FIG. 10 is a bottom view of a platen having a diaphragm circumscribed by four rails of a seal;
FIG. 11 is a partial isometric view of the seal shown in FIG. 10;
FIG. 12 is a partial cross sectional view of the seal, diaphragm and platen shown in FIG. 10; and
FIG. 13 is a further partial cross-sectional view of the seal, diaphragm and platen shown in FIG. 10.
Referring to FIG. 1, there is shown a partial view of a hydroforming apparatus used to contour or form sheet material in conformance with a die or mold. Typically, the formed sheet materials are used in applications such as keypad faces for various devices, faces of automotive instrument panels, electronic devices and instruments and the like. The sheet material is generally preprinted or precolored and is intended to be ready for use after formation of the contours, as dictated by the mold. It is therefore imperative that the sheet material be maintained clean and without contamination by hydraulic oil, other fluids or dirt. In contradistinction, in typical metal forming or metal drawing processes leakage of hydraulic fluid with accompanying contamination by the hydraulic fluid is the norm and unimportant as further processes, including cleaning, are to be performed upon the article.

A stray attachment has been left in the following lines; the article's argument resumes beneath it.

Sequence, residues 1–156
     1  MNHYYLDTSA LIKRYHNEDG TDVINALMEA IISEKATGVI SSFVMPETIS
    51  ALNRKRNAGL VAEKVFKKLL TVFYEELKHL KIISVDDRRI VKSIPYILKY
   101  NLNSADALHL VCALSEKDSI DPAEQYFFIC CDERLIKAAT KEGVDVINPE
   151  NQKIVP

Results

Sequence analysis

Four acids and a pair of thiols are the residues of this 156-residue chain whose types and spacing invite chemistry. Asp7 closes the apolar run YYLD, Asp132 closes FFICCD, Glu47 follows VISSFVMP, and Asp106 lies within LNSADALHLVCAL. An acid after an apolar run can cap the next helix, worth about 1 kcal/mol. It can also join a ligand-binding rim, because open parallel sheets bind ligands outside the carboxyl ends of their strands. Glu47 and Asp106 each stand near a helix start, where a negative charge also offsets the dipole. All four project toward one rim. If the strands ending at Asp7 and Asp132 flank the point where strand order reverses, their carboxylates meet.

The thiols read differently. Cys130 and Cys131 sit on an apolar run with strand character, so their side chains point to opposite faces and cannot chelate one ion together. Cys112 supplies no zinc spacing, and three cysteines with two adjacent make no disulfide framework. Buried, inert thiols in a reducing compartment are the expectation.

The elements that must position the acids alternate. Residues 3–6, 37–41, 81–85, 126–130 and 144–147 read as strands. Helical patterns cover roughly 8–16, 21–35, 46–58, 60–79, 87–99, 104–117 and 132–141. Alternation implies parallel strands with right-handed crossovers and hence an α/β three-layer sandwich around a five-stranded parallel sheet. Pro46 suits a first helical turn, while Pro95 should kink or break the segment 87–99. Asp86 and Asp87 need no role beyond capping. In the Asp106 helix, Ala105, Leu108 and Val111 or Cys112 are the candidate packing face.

FIG. 1 illustrates a partial view of a first variant of the present invention and pertinent components of a hydroforming apparatus. A rigidly mounted robust table 10 supports a die or mold 12 defining the contours to be formed in a sheet 14 of plastic hydroformable material. A platen 20 is translatable toward and away from table 10 to permit replacement of mold 12 and insertion and removal of sheets 14. Apparatus for such translation of the platen is not illustrated as it is well known to those skilled in the hydroforming process. Platen 20 includes a platen cavity 22 extending inwardly from face 24 of the platen. This cavity is interconnected with a pump 26 for pumping hydraulic fluid 28 from a reservoir 30. Valve means (not shown) are present for accommodating flow from pump 26 through conduit 32 and passageway 34 into and out of cavity 22. A diaphragm 40 extends across the opening of cavity 22 and defines, in combination with the cavity, a pressurizable compartment 42. The diaphragm is of resilient flexible material to accommodate stretchability and elongation without tearing in conformance with the contours of mold 12. The force necessary for urging diaphragm 40 into compliance with the contour of mold 12 is provided by hydraulic fluid 28 under pressure within compartment 42.